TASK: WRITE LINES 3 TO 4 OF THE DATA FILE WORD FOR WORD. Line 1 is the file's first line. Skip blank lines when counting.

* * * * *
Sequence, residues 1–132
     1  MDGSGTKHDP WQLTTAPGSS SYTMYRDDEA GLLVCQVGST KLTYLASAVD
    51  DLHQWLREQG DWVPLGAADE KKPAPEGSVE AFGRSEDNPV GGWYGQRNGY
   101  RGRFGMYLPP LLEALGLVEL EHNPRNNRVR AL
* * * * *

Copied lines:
    51  DLHQWLREQG DWVPLGAADE KKPAPEGSVE AFGRSEDNPV GGWYGQRNGY
   101  RGRFGMYLPP LLEALGLVEL EHNPRNNRVR AL